|Evil In The Nucleus|
|by David Eide||.|
I listened to one of these commonplace and brilliant scientists promote Star Wars (he was part of the operation). His reasons and analysis and explanation of the operation was concise and informative. But as I listened to him I suddenly got the feeling that, all in all, science has ruined this world. Science has placed civilization in the most precarious and untenable position ever and any amount of "protection", no matter how sophisticated, is simply a stop-gap measure. Only the brave ask the simple question, "when will it end? When are all of your systems and deadly weapons and war posturing going to end?" It is just a general question you throw out at no one in particular since, apparently, no one is to blame for the dilemma. A dilemma that forces a great change in human behavior. Those who are looking toward a technical solution of this problem have already been incinerated in a manner of speaking.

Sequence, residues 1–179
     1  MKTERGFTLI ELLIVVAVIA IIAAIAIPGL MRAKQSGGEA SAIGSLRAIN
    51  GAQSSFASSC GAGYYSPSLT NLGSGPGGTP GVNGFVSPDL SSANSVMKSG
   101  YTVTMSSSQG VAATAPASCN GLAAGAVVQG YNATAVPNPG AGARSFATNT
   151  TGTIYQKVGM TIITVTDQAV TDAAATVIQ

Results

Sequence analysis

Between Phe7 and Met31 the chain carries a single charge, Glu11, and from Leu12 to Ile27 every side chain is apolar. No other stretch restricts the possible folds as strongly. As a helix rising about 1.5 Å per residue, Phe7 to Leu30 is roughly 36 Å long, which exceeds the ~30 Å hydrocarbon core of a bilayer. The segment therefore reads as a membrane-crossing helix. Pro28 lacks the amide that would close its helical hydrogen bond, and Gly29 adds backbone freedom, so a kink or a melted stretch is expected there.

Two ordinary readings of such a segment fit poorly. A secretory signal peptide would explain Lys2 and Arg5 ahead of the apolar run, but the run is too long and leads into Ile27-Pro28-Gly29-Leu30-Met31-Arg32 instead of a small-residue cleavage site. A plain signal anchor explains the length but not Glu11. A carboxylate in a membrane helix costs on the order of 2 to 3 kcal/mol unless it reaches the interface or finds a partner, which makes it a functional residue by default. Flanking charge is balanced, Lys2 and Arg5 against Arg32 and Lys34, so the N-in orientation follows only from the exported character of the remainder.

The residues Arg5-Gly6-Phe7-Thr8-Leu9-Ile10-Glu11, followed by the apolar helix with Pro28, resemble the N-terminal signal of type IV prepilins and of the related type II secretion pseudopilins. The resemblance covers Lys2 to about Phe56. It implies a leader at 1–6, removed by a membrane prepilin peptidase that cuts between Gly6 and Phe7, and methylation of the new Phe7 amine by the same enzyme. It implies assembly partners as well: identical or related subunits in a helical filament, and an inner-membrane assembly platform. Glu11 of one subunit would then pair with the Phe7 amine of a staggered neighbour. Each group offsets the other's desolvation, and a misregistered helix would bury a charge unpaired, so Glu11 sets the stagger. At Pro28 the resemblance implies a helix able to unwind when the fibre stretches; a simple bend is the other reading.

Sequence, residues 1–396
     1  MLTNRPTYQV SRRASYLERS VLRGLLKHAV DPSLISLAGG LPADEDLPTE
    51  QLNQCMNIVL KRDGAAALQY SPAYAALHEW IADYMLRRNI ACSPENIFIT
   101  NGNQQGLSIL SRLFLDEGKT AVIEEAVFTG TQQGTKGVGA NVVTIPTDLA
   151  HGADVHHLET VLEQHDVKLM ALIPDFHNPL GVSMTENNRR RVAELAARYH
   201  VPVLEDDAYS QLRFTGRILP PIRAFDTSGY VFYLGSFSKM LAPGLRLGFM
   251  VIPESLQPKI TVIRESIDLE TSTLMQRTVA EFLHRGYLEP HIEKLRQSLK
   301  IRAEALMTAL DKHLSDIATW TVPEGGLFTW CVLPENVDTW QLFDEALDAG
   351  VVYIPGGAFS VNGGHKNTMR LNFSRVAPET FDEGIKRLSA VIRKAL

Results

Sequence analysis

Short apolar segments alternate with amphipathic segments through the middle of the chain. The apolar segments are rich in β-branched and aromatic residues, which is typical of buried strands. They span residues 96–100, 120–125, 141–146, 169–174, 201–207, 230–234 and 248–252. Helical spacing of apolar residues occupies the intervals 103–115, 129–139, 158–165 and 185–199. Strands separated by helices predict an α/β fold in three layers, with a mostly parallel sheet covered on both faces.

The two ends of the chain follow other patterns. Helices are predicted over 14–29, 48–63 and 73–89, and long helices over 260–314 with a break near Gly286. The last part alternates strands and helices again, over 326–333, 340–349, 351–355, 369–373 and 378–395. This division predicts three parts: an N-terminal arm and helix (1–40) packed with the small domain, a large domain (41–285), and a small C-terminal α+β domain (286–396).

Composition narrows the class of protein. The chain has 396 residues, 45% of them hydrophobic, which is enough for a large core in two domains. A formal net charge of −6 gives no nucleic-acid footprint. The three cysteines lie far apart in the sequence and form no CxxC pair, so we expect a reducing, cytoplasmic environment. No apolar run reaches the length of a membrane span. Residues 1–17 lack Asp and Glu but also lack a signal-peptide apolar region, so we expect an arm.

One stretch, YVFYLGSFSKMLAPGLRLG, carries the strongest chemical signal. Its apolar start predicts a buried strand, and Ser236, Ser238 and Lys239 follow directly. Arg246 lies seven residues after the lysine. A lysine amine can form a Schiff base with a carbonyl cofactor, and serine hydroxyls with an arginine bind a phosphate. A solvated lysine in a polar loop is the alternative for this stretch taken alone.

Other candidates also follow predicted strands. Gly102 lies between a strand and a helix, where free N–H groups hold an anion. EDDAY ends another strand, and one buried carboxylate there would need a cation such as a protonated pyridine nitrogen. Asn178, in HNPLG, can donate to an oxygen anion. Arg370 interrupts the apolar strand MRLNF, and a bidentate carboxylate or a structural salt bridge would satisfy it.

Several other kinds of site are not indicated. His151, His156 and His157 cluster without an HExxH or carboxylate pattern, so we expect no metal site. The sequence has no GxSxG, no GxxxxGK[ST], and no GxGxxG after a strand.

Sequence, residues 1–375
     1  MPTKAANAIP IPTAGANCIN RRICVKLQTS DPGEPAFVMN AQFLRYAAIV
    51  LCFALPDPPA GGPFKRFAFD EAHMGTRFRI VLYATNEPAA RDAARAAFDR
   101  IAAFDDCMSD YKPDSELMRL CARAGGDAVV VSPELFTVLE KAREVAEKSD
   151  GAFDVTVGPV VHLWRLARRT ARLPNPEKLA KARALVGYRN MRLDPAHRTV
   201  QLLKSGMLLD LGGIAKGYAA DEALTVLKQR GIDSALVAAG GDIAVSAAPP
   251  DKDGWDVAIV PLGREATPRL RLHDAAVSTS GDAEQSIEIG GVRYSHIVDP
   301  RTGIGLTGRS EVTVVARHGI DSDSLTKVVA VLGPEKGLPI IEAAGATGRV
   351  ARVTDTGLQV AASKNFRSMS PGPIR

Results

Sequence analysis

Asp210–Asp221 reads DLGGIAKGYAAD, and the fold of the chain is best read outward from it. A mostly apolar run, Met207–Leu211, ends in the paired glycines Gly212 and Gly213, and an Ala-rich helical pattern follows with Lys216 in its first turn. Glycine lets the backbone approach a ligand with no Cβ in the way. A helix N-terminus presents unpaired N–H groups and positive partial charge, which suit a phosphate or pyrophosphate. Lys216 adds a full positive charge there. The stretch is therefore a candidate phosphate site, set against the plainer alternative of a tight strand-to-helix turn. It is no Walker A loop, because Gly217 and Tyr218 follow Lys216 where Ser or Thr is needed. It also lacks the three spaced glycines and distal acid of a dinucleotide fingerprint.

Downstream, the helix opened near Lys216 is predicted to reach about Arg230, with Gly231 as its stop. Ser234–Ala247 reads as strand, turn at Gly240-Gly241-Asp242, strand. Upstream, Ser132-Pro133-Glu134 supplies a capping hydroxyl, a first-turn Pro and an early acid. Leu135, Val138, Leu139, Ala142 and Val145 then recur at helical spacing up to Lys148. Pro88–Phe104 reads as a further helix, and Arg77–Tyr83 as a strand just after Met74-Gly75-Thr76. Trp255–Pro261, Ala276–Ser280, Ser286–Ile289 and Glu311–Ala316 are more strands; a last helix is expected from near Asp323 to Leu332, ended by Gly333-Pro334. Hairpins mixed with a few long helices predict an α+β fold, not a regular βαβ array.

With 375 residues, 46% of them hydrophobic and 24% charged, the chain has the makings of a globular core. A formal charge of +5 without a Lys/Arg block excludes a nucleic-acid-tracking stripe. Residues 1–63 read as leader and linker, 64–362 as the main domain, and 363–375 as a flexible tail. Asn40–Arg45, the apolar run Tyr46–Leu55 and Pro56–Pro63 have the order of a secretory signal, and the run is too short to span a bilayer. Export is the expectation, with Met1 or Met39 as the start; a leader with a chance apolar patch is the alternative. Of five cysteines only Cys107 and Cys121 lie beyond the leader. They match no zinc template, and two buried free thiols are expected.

It has initiated another age of superstition, another age dominated by fear. That is, when the good instinct of human beings is repressed and driven down into the unconscious by the overwhelming dilemma that exists. And then the bad, evil instincts rise up to take command. And when this happens there is a general retreat behind institutions. Personal freedom in its most profound sense becomes superfluous since that freedom abuts against the great dilemma at some point and will divest itself of freedom before it confronts the dilemma again.
Men are not reasonable when on the one hand they are crushed by fear and complexity, and on the other hand driven by fierce ideology.
In reflection it is fairly easy to see the evil produced by the world. Reflection can produce an overwhelming sense of evil on the grand scale; evil of self, of society, of the age. The mind must progress. If you simply dismiss it the evil is always there, around the next corner, leaping out at the next inopportune moment. If you surrender to it then the evil is exacerbated.